HOLLY: We’re not going to waste your time with another review of “The Post.” There are plenty, and besides if you know anything about us, you’d expect us to love the movie. We did.
So did the audience in the Emagine theater where we watched it Sunday. Many stood and broke into applause at the film’s end – some even shed a few tears.
People cheering for journalists? It felt so career-affirming.
In homage to the fact that “The Post” is so obviously also a feminist story, we asked three exceptional women – with very close ties to journalism – for their takes.
Erin Ben-Moche, OU senior journalism major, WXOU news director and ‘hungry journalist’:
The Pentagon Papers are so widely recognized that journalists will revise it into a children’s bedtime story and read to their own. It’s why I was excited yet hesitant to see “The Post.” I wondered how the star-studded creative team would reinvent the details. Of course, they did not disappoint. It was as if I had forgotten everything and saw the events through the eyes of socialite publisher, Katharine “Kay” Graham. I was frustrated for her, the head shark without a voice, then sobbed — yes sobbed — when she found the courage to approve the story for the budding Washington Post knowing the consequences.
“The Post” was about much more than exposing the truth of the government’s role in Vietnam. It championed the protection of the First Amendment with tasteful undertones of feminism and bravery amongst hard-working reporters.
We are living in a world where fighting for our First Amendment rights is more crucial than it was in 1971, and the film’s timing is impeccable.
Diane Deacon, ESL Specialist at Saginaw Valley State University, and a lifelong journalism devotee:
Who doesn’t love a good movie with drama, intrigue and excitement?
A fascinating look at a history that some of us lived through, “The Post” made me think about why the Founding Fathers made freedom of the press the FIRST AMENDMENT. Perhaps because it is the most important, and the one upon which all the others are built.
I, like so many others, have taken our freedoms for granted, but seeing these freedoms threatened again — as they were in 1971 — awakened a new generation of activists.
My favorite line from “The Post”: “The press is to serve the governed, not the governors.”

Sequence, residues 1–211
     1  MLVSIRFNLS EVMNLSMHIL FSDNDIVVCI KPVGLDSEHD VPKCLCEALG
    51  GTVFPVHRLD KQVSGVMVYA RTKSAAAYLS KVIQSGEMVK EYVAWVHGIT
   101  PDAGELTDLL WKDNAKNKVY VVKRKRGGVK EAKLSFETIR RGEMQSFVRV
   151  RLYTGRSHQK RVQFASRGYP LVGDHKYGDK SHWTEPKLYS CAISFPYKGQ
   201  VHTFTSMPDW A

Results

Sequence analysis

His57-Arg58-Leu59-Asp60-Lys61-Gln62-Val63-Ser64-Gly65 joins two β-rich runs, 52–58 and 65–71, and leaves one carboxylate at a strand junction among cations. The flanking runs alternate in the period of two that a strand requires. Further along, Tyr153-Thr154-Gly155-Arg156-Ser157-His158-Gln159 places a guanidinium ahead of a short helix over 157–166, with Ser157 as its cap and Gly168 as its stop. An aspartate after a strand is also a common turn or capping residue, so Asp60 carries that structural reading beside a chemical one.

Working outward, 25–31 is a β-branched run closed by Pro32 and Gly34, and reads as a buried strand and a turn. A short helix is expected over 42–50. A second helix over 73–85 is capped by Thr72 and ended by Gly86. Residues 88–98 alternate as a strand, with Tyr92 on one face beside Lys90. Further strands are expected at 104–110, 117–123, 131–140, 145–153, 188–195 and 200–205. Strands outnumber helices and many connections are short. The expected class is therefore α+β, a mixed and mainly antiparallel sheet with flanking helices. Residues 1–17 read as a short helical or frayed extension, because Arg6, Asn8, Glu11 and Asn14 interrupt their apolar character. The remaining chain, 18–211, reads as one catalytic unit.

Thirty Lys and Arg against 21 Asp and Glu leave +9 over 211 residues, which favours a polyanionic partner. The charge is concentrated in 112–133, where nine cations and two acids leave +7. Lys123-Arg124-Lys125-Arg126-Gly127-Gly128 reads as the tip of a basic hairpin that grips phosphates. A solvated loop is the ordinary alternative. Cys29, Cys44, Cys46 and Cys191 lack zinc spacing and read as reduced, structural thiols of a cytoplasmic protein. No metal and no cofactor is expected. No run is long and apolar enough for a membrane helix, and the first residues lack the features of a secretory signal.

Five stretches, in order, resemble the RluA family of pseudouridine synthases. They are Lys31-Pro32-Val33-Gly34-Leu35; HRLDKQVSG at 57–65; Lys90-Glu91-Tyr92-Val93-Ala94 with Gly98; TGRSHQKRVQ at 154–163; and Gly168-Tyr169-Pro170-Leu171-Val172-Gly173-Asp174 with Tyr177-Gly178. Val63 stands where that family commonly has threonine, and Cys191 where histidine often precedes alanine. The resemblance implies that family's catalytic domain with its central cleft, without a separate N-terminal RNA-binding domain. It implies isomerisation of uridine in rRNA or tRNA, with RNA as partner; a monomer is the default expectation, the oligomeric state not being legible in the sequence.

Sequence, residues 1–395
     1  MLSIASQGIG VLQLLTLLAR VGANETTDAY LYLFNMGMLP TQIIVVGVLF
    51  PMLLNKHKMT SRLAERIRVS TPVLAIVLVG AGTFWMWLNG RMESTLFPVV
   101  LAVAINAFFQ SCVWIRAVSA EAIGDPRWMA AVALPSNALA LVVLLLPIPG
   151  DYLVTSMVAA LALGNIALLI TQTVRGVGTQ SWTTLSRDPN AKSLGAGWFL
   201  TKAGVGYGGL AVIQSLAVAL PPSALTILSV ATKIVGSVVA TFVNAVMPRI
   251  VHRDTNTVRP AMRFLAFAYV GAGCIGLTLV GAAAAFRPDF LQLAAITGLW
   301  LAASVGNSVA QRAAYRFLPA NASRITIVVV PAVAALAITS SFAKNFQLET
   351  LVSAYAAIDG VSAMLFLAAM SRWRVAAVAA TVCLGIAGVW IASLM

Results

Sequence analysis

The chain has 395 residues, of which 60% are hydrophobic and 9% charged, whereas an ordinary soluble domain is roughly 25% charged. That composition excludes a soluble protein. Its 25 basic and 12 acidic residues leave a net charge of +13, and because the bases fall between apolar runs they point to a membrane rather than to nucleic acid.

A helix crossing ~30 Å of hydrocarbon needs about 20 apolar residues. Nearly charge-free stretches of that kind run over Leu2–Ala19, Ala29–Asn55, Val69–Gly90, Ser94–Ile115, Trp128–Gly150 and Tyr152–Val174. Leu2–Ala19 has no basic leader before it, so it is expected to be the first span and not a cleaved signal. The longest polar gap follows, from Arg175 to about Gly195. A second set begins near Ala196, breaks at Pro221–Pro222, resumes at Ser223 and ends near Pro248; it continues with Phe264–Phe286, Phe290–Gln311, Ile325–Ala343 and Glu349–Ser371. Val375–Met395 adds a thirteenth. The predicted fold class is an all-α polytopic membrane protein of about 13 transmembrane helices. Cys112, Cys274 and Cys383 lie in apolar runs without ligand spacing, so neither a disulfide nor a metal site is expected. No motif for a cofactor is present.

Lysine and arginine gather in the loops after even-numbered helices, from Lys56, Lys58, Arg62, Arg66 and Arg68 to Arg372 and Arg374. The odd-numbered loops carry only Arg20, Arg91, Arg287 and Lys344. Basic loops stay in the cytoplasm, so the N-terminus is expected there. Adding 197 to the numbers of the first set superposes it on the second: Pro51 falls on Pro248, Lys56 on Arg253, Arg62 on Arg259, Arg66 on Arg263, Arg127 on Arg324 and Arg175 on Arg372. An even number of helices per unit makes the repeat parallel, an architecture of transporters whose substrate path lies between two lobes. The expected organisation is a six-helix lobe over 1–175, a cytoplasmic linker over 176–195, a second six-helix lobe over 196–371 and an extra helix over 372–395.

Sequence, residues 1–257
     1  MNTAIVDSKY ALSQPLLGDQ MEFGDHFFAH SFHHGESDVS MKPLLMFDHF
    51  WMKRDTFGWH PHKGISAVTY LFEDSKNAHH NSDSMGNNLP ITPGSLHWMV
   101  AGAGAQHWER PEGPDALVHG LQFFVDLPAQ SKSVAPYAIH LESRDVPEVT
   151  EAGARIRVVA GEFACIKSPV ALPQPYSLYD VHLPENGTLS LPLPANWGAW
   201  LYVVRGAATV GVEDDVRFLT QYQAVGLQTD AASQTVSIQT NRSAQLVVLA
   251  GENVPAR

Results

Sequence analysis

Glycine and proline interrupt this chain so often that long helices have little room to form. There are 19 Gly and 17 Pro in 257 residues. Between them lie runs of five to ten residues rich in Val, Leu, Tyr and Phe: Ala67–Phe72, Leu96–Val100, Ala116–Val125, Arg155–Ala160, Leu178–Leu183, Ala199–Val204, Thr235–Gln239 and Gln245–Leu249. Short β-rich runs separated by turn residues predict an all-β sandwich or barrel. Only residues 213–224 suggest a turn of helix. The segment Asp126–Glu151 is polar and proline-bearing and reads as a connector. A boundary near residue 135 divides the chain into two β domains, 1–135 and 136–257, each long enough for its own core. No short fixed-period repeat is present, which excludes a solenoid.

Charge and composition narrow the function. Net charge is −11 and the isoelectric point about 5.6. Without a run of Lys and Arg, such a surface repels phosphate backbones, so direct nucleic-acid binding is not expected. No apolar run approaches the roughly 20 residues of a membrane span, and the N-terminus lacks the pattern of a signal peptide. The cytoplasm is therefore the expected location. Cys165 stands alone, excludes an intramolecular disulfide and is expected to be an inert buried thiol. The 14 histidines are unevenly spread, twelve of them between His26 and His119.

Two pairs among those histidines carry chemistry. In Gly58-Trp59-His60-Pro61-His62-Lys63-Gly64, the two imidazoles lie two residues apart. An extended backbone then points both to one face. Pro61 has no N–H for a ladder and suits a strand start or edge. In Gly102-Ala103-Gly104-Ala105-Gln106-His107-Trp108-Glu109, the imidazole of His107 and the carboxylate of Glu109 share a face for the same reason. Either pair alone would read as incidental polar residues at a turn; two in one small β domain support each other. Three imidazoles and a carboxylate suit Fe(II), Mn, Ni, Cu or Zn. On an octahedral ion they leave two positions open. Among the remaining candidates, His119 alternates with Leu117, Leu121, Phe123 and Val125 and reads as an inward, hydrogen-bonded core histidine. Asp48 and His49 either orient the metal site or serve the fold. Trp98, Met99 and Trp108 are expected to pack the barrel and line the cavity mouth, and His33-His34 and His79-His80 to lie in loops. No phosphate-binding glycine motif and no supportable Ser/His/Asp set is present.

It’s been nearly a year since I’ve heard an audience in Astoria, N.Y., applaud after a feature film at the UA Kaufman Astoria Cinemas but I was not surprised to hear the crowd cheer as the credits to “The Post” rolled.
The film, set in the early ‘70s, touched on topics relevant to the country’s current conversation about the role of the watchdog media, the First Amendment and a president who challenges what it means, as well as women’s roles in positions of power. While it served as a melancholy reminder that the needle has only slowly moved in relation to some of these topics, overall, “The Post” left me feeling hopeful and reminded me why I wanted to be a journalist.
Unsurprisingly, Meryl Streep and Tom Hanks owned their roles as Katharine Graham and Ben Bradlee, and delivered magnificent, compelling performances that evoked strong emotions. My body tensed during some scenes, I know what it’s like to try to make deadlines under excruciating circumstances and beat the competition; my heart pounded as Katherine grappled with tough decisions as the first female owner of The Washington Post; and I openly wept near the film’s end when a crowd of women admired Katharine as she made her way out the Supreme Court. To borrow a line from “The Unbreakable Kimmy Schmidt” theme song – “Females are strong as hell!”
Shout out to the strong cast of supporting actors — hello, Sarah Paulson, Bob Odenkirk, David Cross, Alison Brie, Bradley Whitford, and Zach Woods, it was so nice to see you. They balanced the cast of newsroom characters and offered perfectly timed comic relief, brilliantly crafted by screenwriters Liz Hannah and Josh Singer.
The film’s impeccable cinematography captured the innate beauty of the printing press in such a way that I immediately wanted to run to the nearest newsstand to buy every single newspaper available. And based on the applause, I surmise everyone else in that theater with me wanted to do the same.
Hey, it’s not just us. “The Post” was largely lauded by top critics — 88 percent fresh on Rotten Tomatoes. Even the New York Times — which scored the Pentagon Papers scoop before The Post but didn’t earn a Steven Spielberg movie — published a glowing review.
Despite its few moments of preachiness and cliche, “The Post” provides the kind of big screen exhilaration only Spielberg can stir. If you’re still not ready to let that feeling go, here are a few backgrounder goodies to munch on:
- The Guardian waxing poetic about a time when media was trusted.
- Goodreads on Katharine Graham’s biography “Personal History.”
- From our friends at Poynter, the video of Katharine Graham reflecting on her “Pentagon Papers” moment.
- What’s not to like about “The Post?” It’s self-congratulatory for starters, according to The New Republic’s Christian Lorentzen, who penned a rare “rotten” review.